John Mansfield was born 1920 in the Regents Park area of Camden Town, London. He was the son of a former World War One military and later railway policeman. John moved to Hayes in 1932 aged 12 and attended the local Townfield school. After leaving school he became a toolmaker at the local aircraft builders factory, Fairey Aviation, Hayes, and soon became active in the Amalgamated Engineering Union (AEU – the engineering union).
Once at Fairey aviation, John soon became involved as did many others at Fairy’s, were with the influential journal the “Propeller” the “progressive” aviation workers journal. (See pic.) It was after hearing a speaker at his local AEU union branch meeting at the outbreak of the Spanish Civil War in 1936, that he first heard of the despite plight of the "Republican cause" and how they as skilled engineers could assists by building and recondition motorbike ambulances to assist the Medical Aid to Spain campaign.
John soon began work on building motorbike ambulances for Spain, working alongside Sidney Bennett (a fellow apprentice at Fairey). This work was carried out both at Sidney Bennett’s shed and also at the Hayes Labour Hall in Pump Lane. John finally joined the Communist Party in 1942, later stating he had done so “on the back of the Red Army’s war efforts, and the lessons learnt from it”. However, not everyone was happy at his decision, his father a policeman was not and later told him in no uncertain terms that “your membership could have cost me my job”.
John’s mentor, was his work colleague and leading Hayes Communist, Frank Foster, AEU activist and convenor at Faireys, other Communist Party members at Fairey included Wally Roberts (vehicle builders union) and at some point Dickie Bond CP member and ETU (Electricians Union) activist from Uxbridge.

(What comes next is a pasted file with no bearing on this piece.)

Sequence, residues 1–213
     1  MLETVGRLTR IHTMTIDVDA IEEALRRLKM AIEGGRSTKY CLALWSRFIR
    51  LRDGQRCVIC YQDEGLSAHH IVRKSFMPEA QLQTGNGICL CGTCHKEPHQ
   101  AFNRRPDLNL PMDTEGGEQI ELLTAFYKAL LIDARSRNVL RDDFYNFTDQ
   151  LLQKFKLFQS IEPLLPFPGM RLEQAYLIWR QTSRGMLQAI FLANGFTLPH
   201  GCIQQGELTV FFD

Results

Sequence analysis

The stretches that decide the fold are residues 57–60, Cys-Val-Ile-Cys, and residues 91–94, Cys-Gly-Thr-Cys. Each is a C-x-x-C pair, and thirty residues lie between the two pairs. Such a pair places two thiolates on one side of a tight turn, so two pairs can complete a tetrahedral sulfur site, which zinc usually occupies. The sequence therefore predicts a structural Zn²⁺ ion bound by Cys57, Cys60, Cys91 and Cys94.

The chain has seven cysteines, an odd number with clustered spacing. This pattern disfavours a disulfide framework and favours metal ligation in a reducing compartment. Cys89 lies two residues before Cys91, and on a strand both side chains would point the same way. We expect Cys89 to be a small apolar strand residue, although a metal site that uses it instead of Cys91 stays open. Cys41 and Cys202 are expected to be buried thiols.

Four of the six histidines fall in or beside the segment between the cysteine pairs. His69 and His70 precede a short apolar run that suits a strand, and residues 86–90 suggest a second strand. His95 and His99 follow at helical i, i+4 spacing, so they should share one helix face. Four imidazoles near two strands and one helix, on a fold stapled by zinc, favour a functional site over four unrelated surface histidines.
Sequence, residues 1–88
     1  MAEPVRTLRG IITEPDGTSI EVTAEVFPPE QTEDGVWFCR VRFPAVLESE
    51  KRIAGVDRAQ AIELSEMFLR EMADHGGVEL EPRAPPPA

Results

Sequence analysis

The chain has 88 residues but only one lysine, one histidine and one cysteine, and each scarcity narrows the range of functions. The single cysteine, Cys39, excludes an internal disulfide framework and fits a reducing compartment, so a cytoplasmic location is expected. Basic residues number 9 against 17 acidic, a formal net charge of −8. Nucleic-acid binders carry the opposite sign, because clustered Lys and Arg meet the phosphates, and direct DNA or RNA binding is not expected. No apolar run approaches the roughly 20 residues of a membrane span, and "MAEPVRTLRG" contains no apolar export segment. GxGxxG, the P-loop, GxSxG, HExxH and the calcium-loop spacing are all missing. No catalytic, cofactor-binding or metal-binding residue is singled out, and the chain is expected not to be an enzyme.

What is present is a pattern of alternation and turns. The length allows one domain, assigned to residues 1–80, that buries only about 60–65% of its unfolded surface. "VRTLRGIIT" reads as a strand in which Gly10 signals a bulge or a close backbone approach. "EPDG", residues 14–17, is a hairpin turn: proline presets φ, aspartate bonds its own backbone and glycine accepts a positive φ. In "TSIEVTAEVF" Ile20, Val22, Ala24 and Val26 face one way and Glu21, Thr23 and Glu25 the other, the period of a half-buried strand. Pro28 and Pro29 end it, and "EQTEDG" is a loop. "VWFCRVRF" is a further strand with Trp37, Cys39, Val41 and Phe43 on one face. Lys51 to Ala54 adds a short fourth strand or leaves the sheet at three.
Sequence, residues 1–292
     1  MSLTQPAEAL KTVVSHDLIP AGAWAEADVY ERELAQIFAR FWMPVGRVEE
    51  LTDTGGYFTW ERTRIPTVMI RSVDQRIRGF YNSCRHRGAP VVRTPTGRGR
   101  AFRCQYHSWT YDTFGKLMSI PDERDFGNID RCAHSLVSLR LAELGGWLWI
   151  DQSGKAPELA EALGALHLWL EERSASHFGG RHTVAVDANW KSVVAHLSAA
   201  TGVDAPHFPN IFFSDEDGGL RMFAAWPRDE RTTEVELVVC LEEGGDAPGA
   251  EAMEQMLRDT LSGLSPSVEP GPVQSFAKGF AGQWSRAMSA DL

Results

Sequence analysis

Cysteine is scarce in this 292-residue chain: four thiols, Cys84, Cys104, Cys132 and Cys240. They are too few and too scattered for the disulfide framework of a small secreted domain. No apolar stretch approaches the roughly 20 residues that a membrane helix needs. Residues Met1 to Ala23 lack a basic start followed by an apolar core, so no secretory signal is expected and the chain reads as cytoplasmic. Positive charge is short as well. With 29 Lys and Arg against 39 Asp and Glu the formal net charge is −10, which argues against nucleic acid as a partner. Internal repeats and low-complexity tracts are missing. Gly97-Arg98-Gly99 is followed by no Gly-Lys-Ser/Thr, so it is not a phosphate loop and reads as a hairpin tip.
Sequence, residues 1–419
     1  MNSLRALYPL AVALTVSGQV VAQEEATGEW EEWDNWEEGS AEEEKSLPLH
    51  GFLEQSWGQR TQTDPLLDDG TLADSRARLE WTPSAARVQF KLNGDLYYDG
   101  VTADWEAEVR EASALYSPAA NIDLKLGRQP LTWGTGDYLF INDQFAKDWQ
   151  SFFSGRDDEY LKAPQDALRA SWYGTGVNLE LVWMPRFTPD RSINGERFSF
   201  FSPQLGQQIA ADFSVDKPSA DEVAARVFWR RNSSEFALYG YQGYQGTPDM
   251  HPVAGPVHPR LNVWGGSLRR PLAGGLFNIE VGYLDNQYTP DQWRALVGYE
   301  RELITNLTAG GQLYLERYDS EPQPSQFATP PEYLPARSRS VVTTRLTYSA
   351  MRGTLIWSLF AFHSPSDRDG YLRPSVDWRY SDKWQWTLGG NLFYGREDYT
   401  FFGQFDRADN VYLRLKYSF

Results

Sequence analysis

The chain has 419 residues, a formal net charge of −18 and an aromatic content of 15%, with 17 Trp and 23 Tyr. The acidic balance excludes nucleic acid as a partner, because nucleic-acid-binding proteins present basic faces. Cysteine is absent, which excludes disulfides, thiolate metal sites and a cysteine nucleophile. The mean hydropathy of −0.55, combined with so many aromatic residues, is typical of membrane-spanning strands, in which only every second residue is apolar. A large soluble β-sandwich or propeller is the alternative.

The Daily Worker was openly sold at Fairey’s, primarily from Johns work bench, John explained that "the lads would pop in and leave the money and take a copy". John also sold Daily Worker in Hayes town or as he stated “in the gutter” at Hayes railway bridge, in the gutter because to avoid being arrested they had to stand in the gutter.
The Communist Party played a key role in improving production at Fairey aviation through the Works Committee during the Second World War. Many years later, John recalled with great pride his involvement in a major Communist Party workers’ pageant in central London, possibly held as part of the second front campaign, entitled: "An agreement with the peoples". The Pageant was held on 20 June 1942, it is believed at the Empress Stadium. John attended in his “clean” overalls to represent aviation workers. He also recalled with pride how the Communist Party and the unions at Fairey had “turned over” management to improve “productivity” during a critical period in the War.
John became Branch Chairman of the Communist Party in Hayes with Frank Foster as District Secretary, the other key figure was Robert Good of the Brass and Mechanics union, the Convenor at EMI.